eCommerce Marketing For Businesses 101
Whatever your reasons for delaying the launch of your B2B eCommerce site, keep in mind that nothing that a B2B firm needs to succeed online can't be done.
Customers Should Be Informed About Items, Features, And Special Offers
The idea of combining information with commerce in an online strategy has a lot of practical applications. If a user isn't given all of the information they need, such as size charts, ingredient lists, and how-to manuals, they'll go elsewhere. This investigation often leads to the customer joining a purchase funnel outside of your company's digital commerce channel.
B2B user experiences have evolved from limited-information green screen portals to instructional outlets that push goods and promotions to your customers. Why?
Because that is how the online value ladder works. Companies with a B2B business strategy have done this for years with phone calls or drinks. Now you must do it to increase traffic and close purchases on the internet.
Customers Should Be Moved From Physical To Online Platforms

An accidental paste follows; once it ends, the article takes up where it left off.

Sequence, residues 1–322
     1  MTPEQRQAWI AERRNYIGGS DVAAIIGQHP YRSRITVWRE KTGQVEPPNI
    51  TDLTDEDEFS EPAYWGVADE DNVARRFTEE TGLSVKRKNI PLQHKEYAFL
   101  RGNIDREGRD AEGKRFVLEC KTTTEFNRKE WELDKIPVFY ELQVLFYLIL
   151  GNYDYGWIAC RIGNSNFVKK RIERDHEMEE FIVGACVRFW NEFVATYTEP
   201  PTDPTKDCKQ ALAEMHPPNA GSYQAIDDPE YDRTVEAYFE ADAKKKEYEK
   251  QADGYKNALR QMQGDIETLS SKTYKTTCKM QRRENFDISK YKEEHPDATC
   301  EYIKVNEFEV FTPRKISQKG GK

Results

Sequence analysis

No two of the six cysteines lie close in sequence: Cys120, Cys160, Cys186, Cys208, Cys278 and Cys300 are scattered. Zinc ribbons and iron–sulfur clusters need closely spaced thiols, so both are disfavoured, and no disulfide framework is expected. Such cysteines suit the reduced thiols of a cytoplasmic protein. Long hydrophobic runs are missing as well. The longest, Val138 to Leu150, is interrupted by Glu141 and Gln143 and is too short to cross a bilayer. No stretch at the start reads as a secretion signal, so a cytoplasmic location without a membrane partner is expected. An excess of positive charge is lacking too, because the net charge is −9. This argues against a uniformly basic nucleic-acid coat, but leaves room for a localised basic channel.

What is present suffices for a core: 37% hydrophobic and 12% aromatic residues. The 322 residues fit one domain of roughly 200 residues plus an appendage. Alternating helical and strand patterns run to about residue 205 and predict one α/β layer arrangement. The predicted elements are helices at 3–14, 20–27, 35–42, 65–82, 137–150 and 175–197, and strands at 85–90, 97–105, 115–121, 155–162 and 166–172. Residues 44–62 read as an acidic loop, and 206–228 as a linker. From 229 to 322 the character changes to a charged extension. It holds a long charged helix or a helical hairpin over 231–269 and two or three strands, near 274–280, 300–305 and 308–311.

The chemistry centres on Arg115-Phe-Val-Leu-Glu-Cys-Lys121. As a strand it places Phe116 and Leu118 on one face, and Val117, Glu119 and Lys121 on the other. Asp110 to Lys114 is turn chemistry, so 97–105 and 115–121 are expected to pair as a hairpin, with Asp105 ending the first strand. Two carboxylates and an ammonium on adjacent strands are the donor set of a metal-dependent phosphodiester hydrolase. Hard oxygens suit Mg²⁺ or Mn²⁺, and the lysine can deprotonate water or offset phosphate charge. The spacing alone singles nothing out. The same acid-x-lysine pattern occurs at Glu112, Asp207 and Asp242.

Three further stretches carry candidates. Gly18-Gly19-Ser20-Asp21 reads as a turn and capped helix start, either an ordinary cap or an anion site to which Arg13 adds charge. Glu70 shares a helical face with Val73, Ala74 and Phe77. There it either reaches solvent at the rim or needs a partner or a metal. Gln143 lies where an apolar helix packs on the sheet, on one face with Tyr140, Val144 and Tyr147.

It will come as no surprise if fewer and fewer B2B clients opt to talk with a sales agent in person, over the phone, by fax, or even by email as millennial buyers acquire greater decision-making and buying authority inside their businesses.
In fact, 65 percent of B2B buyers prefer to conduct their research online rather than speak with a salesperson, and a quarter of today's B2B customers make at least half of their job purchases online – which means it's certainly time for your company to start using eCommerce channels if you haven't already.
If your team does decide to establish a new channel, be sure to engage with your consumers early and regularly so that everyone is on the same page. Simple web forms enable online communication with sales and support, as well as the request of samples and catalogues.
The chat box may be found around the website as an additional way for consumers to get help. Regardless of how you present the digital channel, be prepared for inquiries and concerns, and emphasize the advantages of switching to the new platform.
Utilize Technology To Address Persistent Consumer Issues
B2B fulfillment failures may be expensive for an eCommerce firm due to the nature of the kind and quantity of merchandise requested, possibly affecting truck or trainloads of inventory. As a result, your B2B business must be able to provide the proper items on schedule while also exceeding customer expectations.